By the time you read these words, the possession and sale of synthetic cannabinoids will be a federal crime. The DEA announced late Monday afternoon that its emergency rules banning the fake weed would go into effect Tuesday, March 1.
The ban was originally scheduled to go into effect on Christmas Eve, but was delayed by legal challenges from retailers. The ban lists five chemicals commonly used in the compounds.
There has been "a rapid and significant increase in abuse of these substances in the United States," the DEA notice said. The agency is acting to avoid "an imminent hazard to public safety," it said.
But just as synthetic cannabinoids mimic the effects of herbal marijuana, the adverse effects reported by a subset of users mimic those of herbal marijuana. Those adverse effects include anxiety, paranoia, rapid heartbeat, and nausea -- all admittedly unpleasant, but not life threatening. No fake weed overdose deaths have been reported.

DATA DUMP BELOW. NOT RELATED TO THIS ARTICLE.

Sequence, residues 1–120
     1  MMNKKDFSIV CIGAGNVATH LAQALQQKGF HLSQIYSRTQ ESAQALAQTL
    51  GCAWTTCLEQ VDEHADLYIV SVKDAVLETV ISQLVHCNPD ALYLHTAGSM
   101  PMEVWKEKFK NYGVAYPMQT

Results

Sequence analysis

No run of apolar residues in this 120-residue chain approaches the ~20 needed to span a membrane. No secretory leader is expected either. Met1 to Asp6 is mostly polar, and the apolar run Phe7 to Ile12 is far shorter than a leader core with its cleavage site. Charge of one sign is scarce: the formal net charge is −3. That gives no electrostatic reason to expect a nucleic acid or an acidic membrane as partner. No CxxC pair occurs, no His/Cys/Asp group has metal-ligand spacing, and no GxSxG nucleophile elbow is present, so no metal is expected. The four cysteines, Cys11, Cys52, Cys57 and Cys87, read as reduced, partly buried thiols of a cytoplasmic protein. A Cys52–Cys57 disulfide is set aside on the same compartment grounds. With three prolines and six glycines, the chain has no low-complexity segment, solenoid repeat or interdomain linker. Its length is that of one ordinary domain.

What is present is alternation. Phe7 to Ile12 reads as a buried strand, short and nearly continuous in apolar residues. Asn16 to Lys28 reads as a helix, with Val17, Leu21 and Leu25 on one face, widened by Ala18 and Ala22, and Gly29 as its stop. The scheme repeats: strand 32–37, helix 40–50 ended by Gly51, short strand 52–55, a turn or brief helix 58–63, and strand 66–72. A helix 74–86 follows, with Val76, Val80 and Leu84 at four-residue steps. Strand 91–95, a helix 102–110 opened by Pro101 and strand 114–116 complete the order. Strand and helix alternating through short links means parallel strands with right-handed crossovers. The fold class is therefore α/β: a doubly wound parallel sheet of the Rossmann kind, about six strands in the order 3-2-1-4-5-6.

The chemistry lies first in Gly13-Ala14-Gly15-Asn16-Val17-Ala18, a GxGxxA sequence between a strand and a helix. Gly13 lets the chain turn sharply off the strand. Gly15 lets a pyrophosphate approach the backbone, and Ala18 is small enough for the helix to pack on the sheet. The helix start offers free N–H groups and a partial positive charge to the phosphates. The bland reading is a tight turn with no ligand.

States have not been waiting for the feds to act against this legal high. At least 18 of them have criminalized synthetic cannabinoids, including Utah, Arizona, and Nebraska in the last week.